Demand for organic products is booming. Factory farms and fields drenched in chemical cocktails hold little appeal for the many consumers who prefer to see free-ranging animals in verdant pastures, eat untreated fruit and vegetables and wear clothes made of organically grown pesticide-free cotton. It is not enough, however, merely to replace plastic with natural materials such as wood or cork. For products to be genuinely sustainable, manufacturers must also use adhesives and paints that are made of bio-based raw materials.
Two metal parts joined using the new, sustainably produced adhesive. Behind them: three pots containing the ingredients of the adhesive – the liquid hardener (yellow), the paste hardener (white) and the lignin organic solvent (black). Credit: Fraunhofer-Gesellschaft
Most legacy adhesives are made of petroleum-based thermosetting epoxy resins. These are synthetic resins that hold their shape once they have been heated. Monomers are the building blocks of epoxy resins. A curing agent or hardener causes the individual molecules to bind, creating a solid plastic that will not melt. Additives serve to fine-tune the properties to suit the given application. For example, pigments can be added to colour the resin, and other additives are used for flameproofing or to make the plastic easier to process.
Vegetable oil epoxides with natural additives
Yet it is also possible to produce epoxy resins from environmentally friendly materials. One new approach is showing promise – vegetable oil epoxides, an organic version of conventional epoxy resins. They are sourced from vegetable oils containing a high proportion of unsaturated fatty acids. These fatty acids are epoxidized; that is, linked with a trivalent compound consisting of two carbon atoms and one oxygen atom. Combining these vegetable oil epoxides with hardeners produces remarkably resilient plastics. And with that, sustainable adhesives, coatings and even foam resins are looking to be viable options. But the chemical composition of raw materials extracted from the seeds of oleaginous plants may vary greatly. And that variance is a problem for manufacturers.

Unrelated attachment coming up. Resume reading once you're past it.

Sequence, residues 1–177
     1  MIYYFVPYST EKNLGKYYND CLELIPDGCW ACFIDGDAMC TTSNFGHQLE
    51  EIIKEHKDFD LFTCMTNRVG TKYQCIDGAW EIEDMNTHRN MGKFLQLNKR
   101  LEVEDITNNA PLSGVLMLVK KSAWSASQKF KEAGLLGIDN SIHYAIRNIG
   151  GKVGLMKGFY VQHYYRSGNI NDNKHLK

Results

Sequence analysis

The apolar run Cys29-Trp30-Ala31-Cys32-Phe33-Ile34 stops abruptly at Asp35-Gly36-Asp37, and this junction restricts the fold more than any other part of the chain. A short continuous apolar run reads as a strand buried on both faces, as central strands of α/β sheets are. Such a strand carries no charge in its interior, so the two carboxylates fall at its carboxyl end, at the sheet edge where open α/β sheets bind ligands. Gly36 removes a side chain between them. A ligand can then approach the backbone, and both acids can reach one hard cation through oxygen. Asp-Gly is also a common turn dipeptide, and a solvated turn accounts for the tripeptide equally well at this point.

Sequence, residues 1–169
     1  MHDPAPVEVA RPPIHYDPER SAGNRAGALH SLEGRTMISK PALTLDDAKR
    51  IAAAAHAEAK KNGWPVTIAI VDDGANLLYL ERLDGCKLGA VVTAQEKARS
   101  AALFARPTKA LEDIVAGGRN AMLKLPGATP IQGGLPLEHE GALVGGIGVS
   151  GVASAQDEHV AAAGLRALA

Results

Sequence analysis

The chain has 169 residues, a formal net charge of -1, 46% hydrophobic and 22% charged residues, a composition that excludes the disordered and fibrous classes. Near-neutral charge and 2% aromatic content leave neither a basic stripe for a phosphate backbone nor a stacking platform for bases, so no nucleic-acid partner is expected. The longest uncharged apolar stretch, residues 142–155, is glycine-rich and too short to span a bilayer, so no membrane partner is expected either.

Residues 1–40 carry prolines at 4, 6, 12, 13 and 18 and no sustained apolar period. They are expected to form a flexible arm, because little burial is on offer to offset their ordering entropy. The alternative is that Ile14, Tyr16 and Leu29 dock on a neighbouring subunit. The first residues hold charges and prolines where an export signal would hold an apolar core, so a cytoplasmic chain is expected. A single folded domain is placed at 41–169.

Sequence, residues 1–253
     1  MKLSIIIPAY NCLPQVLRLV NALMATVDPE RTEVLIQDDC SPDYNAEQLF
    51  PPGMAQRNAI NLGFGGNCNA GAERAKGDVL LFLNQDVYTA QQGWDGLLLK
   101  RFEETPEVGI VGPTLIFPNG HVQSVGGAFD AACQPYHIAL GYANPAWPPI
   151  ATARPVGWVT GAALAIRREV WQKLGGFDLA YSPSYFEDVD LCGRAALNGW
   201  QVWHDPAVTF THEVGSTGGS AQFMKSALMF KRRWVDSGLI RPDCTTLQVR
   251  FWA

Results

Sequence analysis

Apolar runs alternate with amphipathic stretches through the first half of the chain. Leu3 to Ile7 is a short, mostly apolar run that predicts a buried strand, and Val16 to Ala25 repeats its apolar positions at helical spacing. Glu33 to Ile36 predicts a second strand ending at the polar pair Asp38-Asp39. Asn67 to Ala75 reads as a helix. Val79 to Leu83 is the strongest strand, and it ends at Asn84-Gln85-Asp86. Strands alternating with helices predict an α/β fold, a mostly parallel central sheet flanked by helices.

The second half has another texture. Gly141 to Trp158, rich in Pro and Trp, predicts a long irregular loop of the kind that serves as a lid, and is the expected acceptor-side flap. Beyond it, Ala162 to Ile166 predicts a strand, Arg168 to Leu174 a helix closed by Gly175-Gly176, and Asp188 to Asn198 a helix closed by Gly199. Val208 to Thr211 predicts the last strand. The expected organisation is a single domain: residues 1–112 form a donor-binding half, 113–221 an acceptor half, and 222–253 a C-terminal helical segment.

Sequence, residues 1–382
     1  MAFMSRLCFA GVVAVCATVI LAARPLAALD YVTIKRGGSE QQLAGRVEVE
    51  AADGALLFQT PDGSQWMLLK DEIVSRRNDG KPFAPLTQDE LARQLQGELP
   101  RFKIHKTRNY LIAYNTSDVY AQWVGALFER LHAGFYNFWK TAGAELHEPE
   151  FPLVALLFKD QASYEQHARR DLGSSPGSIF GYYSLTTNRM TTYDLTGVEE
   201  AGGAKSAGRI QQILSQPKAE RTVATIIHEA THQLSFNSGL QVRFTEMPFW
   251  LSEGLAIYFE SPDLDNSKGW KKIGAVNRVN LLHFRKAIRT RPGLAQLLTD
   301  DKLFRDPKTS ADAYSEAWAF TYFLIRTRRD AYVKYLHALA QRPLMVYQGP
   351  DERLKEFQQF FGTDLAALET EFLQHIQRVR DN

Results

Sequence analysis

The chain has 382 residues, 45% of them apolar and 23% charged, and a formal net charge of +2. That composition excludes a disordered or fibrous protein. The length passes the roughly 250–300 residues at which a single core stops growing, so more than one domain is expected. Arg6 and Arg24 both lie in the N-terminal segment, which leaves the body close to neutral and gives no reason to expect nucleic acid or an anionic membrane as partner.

Powdered lignin and linseed. Behind them: three pots containing the ingredients of the adhesive – the liquid hardener (yellow), the paste hardener (white) and the lignin organic solvent (black). Credit: Fraunhofer-Gesellschaft
Eco-friendly adhesives with ideal properties
Researchers at the Fraunhofer Institute for Microstructure of Materials and Systems IMWS set out to tackle this problem by probing the properties of newly developed bio-genic resins. This is a penetrating analysis: “We are investigating these resins from the micro to the macro level,” says Andreas Krombholz, group leader at IMWS. The first step is to determine how variations in the composition of the feedstock affect the resins. Once the IMWS team has solved that puzzle, they can start enhancing and adapting the resins to the given processing methods.
Fraunhofer scientists are also using vegetable oil epoxides to develop novel adhesives. All formulations for these adhesives from the Fraunhofer labs are solvent-free. The researchers are digging deeper to learn which fillers and additives can be used to deliver specific properties. High electrical conductivity, for example, comes in handy. If an adhesive layer is conductive, it can be heated from the inside out by applying an electrical voltage, thereby quickly and selectively curing it. Or an additive such as modified thyme oil could endow the adhesive with antibacterial properties.
Assessing the measurement curve and determining the tensile shear strength. Credit: Fraunhofer-Gesellschaft
Conversion from epoxidation to enzyme treatment
The use of vegetable oil epoxides increases the organic content of these adhesives to 86 percent, because the materials contain a high percentage of vegetable oil and the hardening agent is based on organic substances rather than petroleum derivatives. By comparison: to qualify as a sustainable material, at least 35 percent of its ingredients must be sourced from renewable sources. “Together with the Fraunhofer Institute for Interfacial Engineering and Biotechnology IGB, we switched from epoxidation to a novel enzyme-based process. This means we can process vegetable oils without using petrochemicals. The treatment with enzymes takes place at 40 degrees Celsius rather than 100 degrees Celsius as in the past, so we are also conserving energy,” adds Krombholz. The benefits do not end there. Industrial users in Europe had sourced the linseed oil for vegetable oil epoxides from Canada, which is not exactly eco-friendly considering the distance it has to travel. Fraunhofer scientists adapted the process to use an essential oil derived from the Moldavian dragonhead plant, grown organically in Germany, rather than imported linseed oil. This reduces the carbon footprint even further. On top of that, the researchers found an environmentally sound replacement for the previously highly toxic hardener.
Materials provided by Fraunhofer-Gesellschaft
Note: Content may be edited for style and length.